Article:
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Spirituality in British state education: an alternative perspective

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The purpose of this article is to challenge the assumption that a wholly secular spirituality offers an appropriate basis for encouraging spirituality in state schools. It does this by, firstly, drawing attention to the reality of secularist indoctrination in our society and in our schools. This makes the anxiety about religious indoctrination, so strongly expressed at least since the 1960s, heavily one-sided. The article then outlines an understanding of spirituality which transcends the secular versus religious debate in offering genuinely common ground, open to all and intuitively perceivable by all. Examples are given of a spiritual plane of experience put alongside two radically different planes: the habitual and the demonic. The purpose of explicit education concerning spirituality thus becomes to develop further awareness of this common ground and its presence or absence in practice. The article concludes by advocating that schools enable serious and respectful debate between different interpretations, secular and religious, of this plane of experience, while seeking to exemplify it in the whole ethos of the school.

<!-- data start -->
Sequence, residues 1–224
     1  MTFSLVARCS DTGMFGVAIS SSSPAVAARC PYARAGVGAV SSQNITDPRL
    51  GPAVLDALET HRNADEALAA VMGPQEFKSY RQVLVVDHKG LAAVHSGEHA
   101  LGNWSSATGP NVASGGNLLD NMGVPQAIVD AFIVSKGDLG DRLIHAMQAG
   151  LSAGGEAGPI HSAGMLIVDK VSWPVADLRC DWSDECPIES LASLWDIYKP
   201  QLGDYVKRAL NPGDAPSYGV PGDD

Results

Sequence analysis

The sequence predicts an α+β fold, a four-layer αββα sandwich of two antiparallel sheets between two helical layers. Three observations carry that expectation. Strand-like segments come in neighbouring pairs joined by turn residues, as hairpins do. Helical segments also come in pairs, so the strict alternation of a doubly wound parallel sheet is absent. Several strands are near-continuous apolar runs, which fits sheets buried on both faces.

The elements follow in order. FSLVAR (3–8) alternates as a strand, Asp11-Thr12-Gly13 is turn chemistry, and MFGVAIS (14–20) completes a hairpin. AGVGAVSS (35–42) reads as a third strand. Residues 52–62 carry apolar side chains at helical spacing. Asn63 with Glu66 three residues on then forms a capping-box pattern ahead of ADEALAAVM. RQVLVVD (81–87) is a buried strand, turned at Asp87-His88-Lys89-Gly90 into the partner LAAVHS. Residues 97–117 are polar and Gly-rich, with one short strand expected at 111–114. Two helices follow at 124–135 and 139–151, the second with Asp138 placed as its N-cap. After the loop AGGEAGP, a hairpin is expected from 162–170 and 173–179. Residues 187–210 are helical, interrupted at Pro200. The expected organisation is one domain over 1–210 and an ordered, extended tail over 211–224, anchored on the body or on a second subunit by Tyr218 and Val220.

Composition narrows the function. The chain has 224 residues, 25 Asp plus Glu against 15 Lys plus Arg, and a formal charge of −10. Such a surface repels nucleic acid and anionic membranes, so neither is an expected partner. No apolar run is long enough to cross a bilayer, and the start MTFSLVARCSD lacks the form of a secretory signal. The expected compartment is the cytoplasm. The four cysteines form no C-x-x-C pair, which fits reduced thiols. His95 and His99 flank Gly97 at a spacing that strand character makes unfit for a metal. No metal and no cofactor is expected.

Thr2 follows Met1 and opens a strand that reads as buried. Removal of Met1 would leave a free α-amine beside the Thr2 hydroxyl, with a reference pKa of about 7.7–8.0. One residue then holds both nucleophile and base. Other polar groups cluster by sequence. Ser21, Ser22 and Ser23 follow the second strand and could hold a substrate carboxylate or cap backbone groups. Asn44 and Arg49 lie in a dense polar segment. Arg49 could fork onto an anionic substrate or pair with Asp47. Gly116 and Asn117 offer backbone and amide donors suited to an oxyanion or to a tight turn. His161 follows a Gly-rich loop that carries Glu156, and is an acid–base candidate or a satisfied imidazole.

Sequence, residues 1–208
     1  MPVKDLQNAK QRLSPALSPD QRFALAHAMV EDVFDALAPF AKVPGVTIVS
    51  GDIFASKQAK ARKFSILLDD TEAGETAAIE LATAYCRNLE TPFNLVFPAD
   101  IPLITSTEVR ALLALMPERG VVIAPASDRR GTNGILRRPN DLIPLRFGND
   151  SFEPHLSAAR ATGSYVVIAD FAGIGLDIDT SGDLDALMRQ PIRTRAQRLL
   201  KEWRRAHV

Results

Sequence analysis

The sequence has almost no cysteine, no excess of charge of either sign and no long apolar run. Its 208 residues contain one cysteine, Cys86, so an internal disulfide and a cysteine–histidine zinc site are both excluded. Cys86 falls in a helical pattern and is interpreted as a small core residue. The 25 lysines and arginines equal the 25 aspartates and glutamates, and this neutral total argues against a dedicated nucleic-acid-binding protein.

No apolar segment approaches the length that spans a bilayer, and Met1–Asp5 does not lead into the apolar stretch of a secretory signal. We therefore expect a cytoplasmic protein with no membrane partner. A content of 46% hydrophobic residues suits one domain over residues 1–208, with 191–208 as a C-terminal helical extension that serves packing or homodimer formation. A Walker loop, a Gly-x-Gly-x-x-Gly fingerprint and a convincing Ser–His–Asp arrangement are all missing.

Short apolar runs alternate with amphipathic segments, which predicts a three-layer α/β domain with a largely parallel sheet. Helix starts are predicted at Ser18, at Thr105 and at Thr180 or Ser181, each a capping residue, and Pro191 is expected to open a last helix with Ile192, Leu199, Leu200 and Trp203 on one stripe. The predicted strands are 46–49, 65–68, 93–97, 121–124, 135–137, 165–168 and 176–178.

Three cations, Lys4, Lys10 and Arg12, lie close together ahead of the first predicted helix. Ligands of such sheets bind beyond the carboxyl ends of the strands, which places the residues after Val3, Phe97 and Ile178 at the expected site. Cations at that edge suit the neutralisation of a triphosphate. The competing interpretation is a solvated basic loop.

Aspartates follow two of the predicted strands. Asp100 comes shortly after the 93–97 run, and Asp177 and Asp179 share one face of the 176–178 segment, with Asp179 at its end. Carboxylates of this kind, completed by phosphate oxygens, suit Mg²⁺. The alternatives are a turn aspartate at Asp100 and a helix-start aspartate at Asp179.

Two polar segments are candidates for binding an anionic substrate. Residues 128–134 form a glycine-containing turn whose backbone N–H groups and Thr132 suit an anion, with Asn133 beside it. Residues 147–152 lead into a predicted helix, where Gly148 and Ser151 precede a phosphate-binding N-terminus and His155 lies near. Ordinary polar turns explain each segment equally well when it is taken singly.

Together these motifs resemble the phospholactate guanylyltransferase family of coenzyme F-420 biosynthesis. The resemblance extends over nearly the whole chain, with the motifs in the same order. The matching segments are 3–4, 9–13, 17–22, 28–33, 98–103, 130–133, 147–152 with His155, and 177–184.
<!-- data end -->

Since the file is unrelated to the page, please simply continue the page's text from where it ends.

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Document Type: Research Article

Affiliations: Wyke House Croft Bank Western Malvern Worcs WR14 4BP UK

Publication date: April 1, 2004

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